MIT Cheetah II robot hurdles obstacles with easeBy Robin-Leigh Chetty 29 May 2015 | Categories: news
In their race to outdo the efforts of Boston Dynamics' Spot (four-legged-robot), DARPA-funded MIT researchers and engineers have just released footage of their Cheetah II robot hurdling objects with relative ease.
Pulling off a running jump (for humans and robots like) is a rather daunting task, as it requires a number of responsive algorithms to perform just so. Luckily the engineers at MIT seem to have nailed it, as the necessary balancing and energy distribution mechanics have been calculated correctly. In order to carry out the feat, researchers at MIT installed a LIDAR sensor to the front of the Cheetah II. It works in the same way that sensors fitted to self-driving cars do, and allows the Cheetah to analyse an object as it approaches it. For now, the Cheetah II can hurdle objects 40 cm high at roughly 2.4 m/s, but MIT plans to improve on those numbers in coming months.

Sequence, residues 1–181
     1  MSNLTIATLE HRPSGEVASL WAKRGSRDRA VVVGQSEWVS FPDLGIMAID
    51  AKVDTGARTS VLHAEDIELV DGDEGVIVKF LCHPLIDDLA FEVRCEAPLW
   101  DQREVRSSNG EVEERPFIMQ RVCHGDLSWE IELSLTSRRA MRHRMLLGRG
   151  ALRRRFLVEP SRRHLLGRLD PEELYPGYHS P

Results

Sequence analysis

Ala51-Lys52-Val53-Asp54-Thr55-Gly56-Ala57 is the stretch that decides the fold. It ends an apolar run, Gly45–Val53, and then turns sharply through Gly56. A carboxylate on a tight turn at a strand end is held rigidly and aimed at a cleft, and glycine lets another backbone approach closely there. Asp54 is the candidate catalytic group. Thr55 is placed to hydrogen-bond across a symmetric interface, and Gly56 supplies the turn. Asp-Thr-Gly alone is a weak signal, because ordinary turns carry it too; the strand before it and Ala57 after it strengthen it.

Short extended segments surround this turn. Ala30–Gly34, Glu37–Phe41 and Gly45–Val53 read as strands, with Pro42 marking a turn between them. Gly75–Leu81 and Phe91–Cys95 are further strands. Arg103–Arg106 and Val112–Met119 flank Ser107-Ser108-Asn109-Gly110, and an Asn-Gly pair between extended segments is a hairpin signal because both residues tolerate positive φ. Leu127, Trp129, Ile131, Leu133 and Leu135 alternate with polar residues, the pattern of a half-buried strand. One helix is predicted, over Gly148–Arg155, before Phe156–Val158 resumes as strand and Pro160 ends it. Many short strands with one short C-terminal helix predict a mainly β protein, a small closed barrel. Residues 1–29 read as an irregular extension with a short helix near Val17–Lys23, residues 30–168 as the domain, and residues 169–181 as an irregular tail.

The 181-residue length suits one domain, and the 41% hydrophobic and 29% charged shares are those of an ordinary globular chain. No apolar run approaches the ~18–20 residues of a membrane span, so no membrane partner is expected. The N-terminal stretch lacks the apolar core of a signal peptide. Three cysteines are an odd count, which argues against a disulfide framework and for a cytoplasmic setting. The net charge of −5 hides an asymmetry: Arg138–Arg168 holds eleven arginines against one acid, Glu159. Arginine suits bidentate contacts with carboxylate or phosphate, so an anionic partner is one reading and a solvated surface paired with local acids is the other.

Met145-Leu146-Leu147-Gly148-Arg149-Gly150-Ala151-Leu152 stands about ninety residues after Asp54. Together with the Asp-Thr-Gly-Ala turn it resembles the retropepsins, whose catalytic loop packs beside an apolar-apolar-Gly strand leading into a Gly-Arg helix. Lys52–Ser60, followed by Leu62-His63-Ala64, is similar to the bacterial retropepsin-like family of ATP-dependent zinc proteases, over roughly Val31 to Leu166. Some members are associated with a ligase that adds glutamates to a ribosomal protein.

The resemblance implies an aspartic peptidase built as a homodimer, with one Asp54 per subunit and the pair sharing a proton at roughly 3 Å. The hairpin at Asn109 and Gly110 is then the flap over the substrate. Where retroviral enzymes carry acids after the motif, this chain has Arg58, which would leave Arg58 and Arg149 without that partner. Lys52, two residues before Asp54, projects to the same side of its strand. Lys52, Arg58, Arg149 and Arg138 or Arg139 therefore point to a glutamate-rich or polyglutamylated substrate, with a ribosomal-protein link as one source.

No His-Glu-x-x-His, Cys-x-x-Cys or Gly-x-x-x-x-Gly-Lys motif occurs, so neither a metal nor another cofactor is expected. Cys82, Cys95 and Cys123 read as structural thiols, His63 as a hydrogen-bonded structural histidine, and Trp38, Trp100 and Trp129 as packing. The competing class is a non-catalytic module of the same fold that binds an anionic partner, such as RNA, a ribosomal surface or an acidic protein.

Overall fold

Having watched the video a few times now, the Cheetah II seems pretty adept. Our one concern is the landing, with the hind legs in particular struggling to keep up speed once the Cheetah II gets all four legs back on the ground. While it may not have the same level of fluidity as its namesake, the Cheetah II is definitely stepping things up.
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